Jenga is a Swahili word meaning “to build,” and the name of my favorite game. It’s a game that requires thoughtful decision making and dexterity. Do you remember how to play? Once the tower of small blocks is created, each player must remove a block, and then place that block on top of the tower in the same crisscross way the tower was built. This creates a progressively taller but less stable structure. One bad decision or unsteady hand and boom – the tower collapses!
It makes sense that we at Habitat for Humanity would love a game whose name means “to build.” After independent affiliates sprouted in the United States, the first place that Habitat for Humanity International built houses was in Zaire, where Swahili is one of the major languages. Here at Habitat for Humanity of Kanawha & Putnam, in addition to building houses, we decided to build a jumbo Jenga!
This project is simple and inexpensive, but it does require the use of a chop or radial arm saw. These saws can be expensive and a little scary. If you don’t own one, maybe you can “contract” the cutting from a friend or loved one. Here’s what you’ll need to DIY Jumbo Jenga.
• (7) 2x4x8 Pre-cut studs
• Measuring tape and pencil
• Chop saw or radial arm saw
• Protective glasses
• Sanding block or electric sander
Be prepared to spend a good amount of time in the lumber yard choosing your 2x4s. It is important that the pieces you select are very straight and free of large scars. It is a little more expensive to purchase pre-cut studs instead of regular dimensional lumber, but it is worth it. Studs are straighter. Hold each piece out directly in front of you and look down the length (supporting the other end on the floor, creating a triangle with your body and the lumber). Discard any lumber with bowing. Carpenters call this procedure “crowning” the lumber.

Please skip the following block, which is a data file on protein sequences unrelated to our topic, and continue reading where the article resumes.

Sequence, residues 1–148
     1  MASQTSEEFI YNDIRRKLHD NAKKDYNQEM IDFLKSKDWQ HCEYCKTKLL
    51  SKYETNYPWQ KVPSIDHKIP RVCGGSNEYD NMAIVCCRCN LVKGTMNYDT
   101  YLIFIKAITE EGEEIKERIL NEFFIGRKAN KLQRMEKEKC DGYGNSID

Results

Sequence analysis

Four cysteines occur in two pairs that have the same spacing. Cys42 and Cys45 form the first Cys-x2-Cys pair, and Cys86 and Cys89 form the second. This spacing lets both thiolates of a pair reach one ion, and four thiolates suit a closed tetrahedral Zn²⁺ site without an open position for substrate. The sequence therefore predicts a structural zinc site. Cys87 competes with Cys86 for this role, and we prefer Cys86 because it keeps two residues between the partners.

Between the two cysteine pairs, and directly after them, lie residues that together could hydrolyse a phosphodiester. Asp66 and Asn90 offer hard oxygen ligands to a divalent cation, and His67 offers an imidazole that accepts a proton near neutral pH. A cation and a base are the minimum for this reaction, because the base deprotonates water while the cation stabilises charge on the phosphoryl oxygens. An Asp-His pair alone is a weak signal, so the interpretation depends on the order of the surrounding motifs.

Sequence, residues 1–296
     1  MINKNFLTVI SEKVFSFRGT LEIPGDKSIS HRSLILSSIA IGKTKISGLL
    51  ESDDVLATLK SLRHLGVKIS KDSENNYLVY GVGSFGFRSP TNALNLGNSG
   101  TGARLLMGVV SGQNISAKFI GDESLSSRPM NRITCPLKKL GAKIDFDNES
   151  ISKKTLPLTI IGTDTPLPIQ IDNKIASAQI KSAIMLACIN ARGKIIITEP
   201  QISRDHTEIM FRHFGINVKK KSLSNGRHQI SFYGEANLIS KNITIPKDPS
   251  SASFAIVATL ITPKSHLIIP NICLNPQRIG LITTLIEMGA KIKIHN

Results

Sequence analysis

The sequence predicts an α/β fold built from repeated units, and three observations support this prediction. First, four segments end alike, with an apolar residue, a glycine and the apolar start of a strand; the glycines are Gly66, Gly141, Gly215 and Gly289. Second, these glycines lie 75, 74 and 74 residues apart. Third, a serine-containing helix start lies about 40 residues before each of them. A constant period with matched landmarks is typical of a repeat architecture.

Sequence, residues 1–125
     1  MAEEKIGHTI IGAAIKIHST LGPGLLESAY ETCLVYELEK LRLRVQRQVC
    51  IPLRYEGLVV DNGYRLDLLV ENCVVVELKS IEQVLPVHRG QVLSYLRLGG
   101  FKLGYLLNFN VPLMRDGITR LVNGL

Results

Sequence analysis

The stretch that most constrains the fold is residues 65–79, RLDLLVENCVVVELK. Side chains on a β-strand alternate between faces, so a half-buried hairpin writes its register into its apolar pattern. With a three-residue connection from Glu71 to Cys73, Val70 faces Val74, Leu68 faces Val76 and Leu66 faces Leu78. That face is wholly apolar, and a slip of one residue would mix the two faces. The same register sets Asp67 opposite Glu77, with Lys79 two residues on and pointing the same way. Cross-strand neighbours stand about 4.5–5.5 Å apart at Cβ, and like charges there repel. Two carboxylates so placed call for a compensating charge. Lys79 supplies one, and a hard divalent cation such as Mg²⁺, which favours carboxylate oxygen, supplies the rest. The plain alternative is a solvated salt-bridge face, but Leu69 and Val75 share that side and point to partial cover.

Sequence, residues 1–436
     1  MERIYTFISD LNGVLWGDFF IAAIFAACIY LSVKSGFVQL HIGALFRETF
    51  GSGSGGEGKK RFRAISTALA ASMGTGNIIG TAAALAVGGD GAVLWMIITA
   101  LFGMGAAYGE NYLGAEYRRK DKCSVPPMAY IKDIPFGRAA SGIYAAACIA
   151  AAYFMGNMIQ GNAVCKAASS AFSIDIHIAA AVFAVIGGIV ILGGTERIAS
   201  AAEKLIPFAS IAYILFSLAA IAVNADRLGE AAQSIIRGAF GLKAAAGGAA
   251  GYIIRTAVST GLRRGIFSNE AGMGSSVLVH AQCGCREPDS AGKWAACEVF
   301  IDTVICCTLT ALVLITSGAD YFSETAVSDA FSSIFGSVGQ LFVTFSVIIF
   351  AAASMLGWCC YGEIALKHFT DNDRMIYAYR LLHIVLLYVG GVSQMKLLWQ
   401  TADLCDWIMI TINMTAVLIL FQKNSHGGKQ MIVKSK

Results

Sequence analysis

Mark your lumber in 10.5” sections. This dimension will ensure that your jumbo Jenga is square. Keep in mind that it may be necessary to cut off rugged ends. When all pieces are marked, chop your 2×4s into 54 pieces. Make sure you have a sharp blade to reduce splintering. Wear those safety glasses! Jenga is much harder to win if you are missing an eyeball.
ReStore Tip: When using a chop saw or radial arm saw to cut the same length piece over and over again, use a “stop” (sometimes called a “jig”). A stop is a block of wood fastened securely at a precise distance from the saw blade that eliminates the need for measuring each piece, and reduces the probability of errors. Simply put the end of the stud firmly against the stop and each cut will be exactly the same length.
You must sand all 54 pieces. It takes longer than you’d imagine. The idea is to get the sides all smooth enough that they slide when you’re playing Jenga. Use a progression of sandpapers, starting with 80 grit and working your way down to 220 grit for the final sanding. How much time you want to put into sanding is up to you, but the more you sand the smoother the blocks will be, and the better they will slide out of the stack. When they’re all sanded, wipe them down with a damp cloth to get the sawdust off.
The options for decorating your jumbo Jenga are endless. Go for the traditional look by staining your lumber with redwood color water-based stain (oil-based stain will make the blocks to sticky to slide easily). Go halfsies by dividing the blocks in two and applying your favorite colors (I suggest green and white, but I know most of your prefer blue and gold). I chose to maintain the natural integrity of the wood in case jumbo Jenga gets old and we decide to resell the scrap lumber at the ReStore.
There are other great ways to customize your jumbo Jenga. Turn it into a giant truth or dare game by writing ridiculously personal questions and outlandish dares on each piece. Use it as a learning lesson for the kiddos by printing states on the blocks and requiring a capital proclaimed with each extracted block. And on the other side of the spectrum, I can’t imagine it would be hard to turn your Jenga into a drinking game. Give yourself some future flexibility by applying removable labels to the blocks instead of writing instructions directly onto the pieces.
I plan to use our jumbo Jenga as a teambuilding game for ReStore staff and volunteers by applying fun get-to-know-you questions on each piece. Questions like “If you had to eat a worm, how would you cook it?” or “Would you rather be a giant rodent or a tiny elephant?” Real thought provoking stuff! To start each team member’s turn, he or she must read a question to the person on their left. The person on the left must reply before the reader can pull his or her block. It’s sure to be a good time!